Neon-colored rubbery bracelets bearing the message "I (heart) boobies!" in bright, white lettering proliferate on the wrists of U.S. middle school students. The bracelets feature prominently in the Keep a Breast Foundation's campaign to raise breast cancer awareness. But concerns about suggestiveness in the bracelets' message prompted principals and school districts across the country to set rules against them, triggering opposition from free-speech advocates. One of many such disputes wound up in federal court.
On Aug. 5, the U.S. Court of Appeals for the 3rd Circuit in Philadelphia upheld a lower court's decision in favor of two Easton, Pa., middle school students' right to wear the bracelets without fear of penalties. With the help of the American Civil Liberties Union, the two students had sued their school district after they spent a day and a half in in-school suspension and were barred from attending their school's winter ball. The case raised constitutional questions about the balance between the allegedly lewd nature and level of distraction the bracelets presented vs. the students' right to free speech.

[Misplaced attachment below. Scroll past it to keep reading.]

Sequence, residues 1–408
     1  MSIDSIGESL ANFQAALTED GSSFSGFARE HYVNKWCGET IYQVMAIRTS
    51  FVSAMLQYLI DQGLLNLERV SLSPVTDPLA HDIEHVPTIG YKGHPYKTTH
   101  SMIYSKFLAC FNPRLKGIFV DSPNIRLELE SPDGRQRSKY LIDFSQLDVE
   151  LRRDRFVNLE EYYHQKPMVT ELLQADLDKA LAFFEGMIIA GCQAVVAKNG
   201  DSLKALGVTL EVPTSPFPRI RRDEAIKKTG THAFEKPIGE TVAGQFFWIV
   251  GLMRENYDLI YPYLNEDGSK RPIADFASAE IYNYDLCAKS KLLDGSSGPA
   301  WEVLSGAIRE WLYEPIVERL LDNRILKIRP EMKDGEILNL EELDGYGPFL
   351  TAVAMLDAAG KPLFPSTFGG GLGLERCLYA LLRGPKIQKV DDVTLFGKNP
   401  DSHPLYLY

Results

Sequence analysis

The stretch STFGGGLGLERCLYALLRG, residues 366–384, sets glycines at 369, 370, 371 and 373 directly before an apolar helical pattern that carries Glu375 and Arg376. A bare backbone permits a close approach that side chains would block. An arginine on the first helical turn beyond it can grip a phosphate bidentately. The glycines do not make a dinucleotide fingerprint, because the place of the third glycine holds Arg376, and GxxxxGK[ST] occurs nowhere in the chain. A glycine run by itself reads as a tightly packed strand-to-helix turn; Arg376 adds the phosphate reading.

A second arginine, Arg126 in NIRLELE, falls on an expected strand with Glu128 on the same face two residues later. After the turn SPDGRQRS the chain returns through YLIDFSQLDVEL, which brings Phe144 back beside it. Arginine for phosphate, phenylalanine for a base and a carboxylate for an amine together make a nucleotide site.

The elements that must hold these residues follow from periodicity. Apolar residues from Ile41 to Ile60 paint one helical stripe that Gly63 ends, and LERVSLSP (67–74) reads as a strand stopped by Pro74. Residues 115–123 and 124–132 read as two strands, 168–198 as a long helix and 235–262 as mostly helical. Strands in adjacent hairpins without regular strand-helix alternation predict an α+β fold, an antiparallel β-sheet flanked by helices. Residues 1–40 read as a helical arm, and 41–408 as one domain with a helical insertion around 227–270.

Correctly in this case, the trial and appellate courts acknowledged the confusing and slippery nature of limiting free speech in schools and cautiously sided with the bracelet wearers. There is not enough proof that the bracelets are sufficiently lewd or distracting to risk impinging on students' right to free speech.